If you were to cut a solid tin piece in the same shape and size as one of the spark arrestor screens, you can use it as a slide in damper. You'll extend burn time, but at the expense of heat. I'm going to play with a damper a bit. My high hunt location for next year has poor fuel supply if it's wet so getting a few xtra minutes burn time is very nice. And it can be cooler in the tent with no noticealbe temperature issues for me. It makes way more heat than is required.

Of course I'll solve most of it this summer when I do a scout to my hunt spot, cut and cover a ton of wood so that it'll dry out and so that I don't do it day to day when I get there.

Dale Lindsley
12-22-2004, 05:20 PM
I have gotten a three hour burn time in my small stove (carefully timed, without a damper) and am pretty sure I could get several hours out of my large stove too, even though it is leakier. As Kevin B points out, this is done at the expense of heat output. Also, a very slow burn may not produce as much heat per unit of fuel. Lots of air produces complete combustion and maximum heat per unit fuel.

William Clunie
12-28-2004, 04:33 AM
I have a large stove and kept the temps inside an eight man tipi at 70 degrees when it was hovering around zero last winter. It thought I would be smart and stock up on pieces of (kiln dried) scrap, hardwood molding for fuel, but it didn't burn as efficiently as hunks of dried hardwood from the forest we camped in. The thicker pieces burned longer. We made sure to use wood from downed trees, but avoided any limbs that were touching the ground and absorbing moisture. Dead and dry evergreen limbs provided the best kindling.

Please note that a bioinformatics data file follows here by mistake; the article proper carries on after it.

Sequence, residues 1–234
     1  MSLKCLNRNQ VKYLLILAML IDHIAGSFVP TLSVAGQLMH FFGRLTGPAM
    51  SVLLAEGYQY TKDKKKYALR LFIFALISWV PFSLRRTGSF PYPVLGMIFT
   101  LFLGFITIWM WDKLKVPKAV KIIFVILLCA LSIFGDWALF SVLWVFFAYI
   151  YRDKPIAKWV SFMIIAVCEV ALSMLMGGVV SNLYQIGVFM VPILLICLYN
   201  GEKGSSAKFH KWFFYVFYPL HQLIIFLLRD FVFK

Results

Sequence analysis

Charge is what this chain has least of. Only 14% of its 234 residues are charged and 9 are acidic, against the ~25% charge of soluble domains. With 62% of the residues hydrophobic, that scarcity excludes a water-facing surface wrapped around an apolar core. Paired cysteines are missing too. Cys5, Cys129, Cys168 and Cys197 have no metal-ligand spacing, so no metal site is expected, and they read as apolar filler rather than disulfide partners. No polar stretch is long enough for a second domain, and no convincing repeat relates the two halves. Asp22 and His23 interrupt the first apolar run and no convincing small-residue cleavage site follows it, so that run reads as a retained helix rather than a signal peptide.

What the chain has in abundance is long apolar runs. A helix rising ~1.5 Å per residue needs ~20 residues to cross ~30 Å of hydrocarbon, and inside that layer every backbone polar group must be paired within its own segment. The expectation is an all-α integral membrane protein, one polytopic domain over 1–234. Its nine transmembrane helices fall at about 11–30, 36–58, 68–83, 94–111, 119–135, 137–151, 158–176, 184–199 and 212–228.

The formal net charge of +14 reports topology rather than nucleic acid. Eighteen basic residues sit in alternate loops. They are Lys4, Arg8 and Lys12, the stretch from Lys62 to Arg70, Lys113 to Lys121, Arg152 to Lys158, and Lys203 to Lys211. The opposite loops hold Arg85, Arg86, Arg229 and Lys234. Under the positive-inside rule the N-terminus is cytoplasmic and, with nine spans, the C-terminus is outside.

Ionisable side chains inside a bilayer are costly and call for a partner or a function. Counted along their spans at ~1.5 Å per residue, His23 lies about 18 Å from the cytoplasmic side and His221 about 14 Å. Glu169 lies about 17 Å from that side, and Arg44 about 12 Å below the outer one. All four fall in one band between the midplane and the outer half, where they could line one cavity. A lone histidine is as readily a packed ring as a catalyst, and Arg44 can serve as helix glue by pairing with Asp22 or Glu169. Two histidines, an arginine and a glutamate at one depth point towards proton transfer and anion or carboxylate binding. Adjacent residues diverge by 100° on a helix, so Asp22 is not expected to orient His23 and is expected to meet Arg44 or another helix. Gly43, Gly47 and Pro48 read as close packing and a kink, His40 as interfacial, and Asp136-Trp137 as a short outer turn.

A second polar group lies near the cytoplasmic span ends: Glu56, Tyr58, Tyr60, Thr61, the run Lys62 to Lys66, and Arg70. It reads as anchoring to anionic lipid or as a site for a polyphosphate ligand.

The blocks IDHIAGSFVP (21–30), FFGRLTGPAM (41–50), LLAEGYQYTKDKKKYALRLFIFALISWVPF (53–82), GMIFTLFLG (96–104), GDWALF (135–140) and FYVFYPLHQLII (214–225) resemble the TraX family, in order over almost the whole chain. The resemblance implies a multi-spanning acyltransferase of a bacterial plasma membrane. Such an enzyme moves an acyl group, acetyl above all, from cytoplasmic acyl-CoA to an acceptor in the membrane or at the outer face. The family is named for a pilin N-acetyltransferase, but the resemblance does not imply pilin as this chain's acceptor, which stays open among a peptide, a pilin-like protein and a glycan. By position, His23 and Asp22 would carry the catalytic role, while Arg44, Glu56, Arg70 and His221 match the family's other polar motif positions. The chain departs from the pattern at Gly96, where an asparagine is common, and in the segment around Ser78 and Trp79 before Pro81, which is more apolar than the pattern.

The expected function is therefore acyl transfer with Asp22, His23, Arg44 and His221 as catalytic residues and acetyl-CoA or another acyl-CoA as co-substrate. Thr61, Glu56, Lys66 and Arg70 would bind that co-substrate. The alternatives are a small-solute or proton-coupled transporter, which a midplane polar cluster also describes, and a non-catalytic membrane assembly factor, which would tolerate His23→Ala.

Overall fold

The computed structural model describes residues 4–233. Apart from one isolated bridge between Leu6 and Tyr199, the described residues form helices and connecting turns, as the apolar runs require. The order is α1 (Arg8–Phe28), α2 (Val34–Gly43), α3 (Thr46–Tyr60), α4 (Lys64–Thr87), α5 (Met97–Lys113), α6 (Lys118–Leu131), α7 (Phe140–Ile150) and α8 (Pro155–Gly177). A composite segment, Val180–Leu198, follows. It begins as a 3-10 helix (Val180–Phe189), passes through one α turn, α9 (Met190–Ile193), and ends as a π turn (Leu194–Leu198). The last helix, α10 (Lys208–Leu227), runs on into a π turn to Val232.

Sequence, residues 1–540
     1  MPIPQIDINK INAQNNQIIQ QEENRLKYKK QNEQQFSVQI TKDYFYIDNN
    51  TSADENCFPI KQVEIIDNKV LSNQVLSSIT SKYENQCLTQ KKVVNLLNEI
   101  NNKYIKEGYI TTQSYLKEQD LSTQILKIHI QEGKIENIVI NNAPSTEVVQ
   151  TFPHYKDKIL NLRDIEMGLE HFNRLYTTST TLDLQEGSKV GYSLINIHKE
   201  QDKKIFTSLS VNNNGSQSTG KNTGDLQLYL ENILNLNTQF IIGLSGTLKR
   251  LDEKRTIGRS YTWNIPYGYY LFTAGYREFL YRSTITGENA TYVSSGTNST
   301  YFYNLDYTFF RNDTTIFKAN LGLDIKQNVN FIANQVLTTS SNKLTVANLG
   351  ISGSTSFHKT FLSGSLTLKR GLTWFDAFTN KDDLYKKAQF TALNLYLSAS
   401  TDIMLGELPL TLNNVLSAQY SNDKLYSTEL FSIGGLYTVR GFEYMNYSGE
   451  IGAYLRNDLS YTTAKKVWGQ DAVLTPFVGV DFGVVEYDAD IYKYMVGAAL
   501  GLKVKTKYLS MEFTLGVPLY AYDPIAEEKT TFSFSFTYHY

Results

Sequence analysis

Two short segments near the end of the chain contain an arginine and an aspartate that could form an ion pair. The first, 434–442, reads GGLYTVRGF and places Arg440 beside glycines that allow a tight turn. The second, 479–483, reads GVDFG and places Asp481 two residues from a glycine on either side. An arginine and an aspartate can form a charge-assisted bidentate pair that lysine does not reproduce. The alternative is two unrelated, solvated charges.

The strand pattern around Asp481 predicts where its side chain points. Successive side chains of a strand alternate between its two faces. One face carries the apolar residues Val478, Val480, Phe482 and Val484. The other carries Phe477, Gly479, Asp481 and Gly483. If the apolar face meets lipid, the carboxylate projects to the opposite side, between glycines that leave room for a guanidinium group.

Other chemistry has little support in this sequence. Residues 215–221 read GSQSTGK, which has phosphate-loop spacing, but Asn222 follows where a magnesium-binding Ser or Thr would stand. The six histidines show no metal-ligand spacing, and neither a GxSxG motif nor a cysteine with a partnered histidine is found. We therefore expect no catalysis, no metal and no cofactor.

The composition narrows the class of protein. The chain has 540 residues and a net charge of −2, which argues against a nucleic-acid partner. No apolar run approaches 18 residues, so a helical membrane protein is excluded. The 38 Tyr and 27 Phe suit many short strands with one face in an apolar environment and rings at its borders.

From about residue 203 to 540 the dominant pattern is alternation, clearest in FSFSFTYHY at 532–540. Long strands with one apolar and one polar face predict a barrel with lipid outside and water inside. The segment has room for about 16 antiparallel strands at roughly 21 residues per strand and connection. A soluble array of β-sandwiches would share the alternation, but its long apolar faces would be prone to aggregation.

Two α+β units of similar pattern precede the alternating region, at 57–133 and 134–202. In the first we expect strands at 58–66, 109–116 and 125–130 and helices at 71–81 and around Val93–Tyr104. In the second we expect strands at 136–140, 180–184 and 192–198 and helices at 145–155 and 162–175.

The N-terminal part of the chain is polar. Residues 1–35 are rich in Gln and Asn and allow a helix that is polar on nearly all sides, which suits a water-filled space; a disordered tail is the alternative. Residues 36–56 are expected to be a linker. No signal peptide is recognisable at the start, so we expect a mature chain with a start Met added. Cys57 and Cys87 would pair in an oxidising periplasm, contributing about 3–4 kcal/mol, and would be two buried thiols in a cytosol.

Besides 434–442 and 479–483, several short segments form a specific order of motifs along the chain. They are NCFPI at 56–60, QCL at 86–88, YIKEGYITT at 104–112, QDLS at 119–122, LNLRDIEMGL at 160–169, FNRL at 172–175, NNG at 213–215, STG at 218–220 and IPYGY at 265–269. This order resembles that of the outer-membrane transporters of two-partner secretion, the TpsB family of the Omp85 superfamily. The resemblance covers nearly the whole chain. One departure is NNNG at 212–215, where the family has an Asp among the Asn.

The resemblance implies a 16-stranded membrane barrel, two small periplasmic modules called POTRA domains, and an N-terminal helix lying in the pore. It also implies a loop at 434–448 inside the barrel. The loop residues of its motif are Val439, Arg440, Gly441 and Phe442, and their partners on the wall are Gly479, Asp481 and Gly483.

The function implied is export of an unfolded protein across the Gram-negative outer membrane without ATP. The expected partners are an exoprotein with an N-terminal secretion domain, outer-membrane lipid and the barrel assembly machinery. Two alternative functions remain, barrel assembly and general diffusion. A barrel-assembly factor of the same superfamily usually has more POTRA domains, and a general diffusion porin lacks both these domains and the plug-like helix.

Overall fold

Rusty Hook
12-28-2004, 12:40 PM
I have used a reducing washer, made for electrical box applications. I believe the size I tried was 3x2". They are galvanized steel and thin enough that one could be slid in the slot above a screen. It did dampen the small stove pretty well but it also restricted the heat out put, so I quit using it.

A nother thing I tried was reienforcing the top
and bottom of the stove, where the legs and head bolts fit, with Ko Plugs, which are used to close off conduit fitting holes in electrical boxes.

The backing brackets for the Ko Plugs were used as feet for the stove legs. These threaded right on to the legs. They added weight to the stove and showed no increase in performance, so I quit using them. Although they could be used to keep the stove's legs from sinking in soft ground, and would prbably be lighter and more compact than the stove platforms are...Rusty.

Kevin B
12-28-2004, 01:22 PM
In the end, the combination of factors adds up to... burn it hot... go to bed.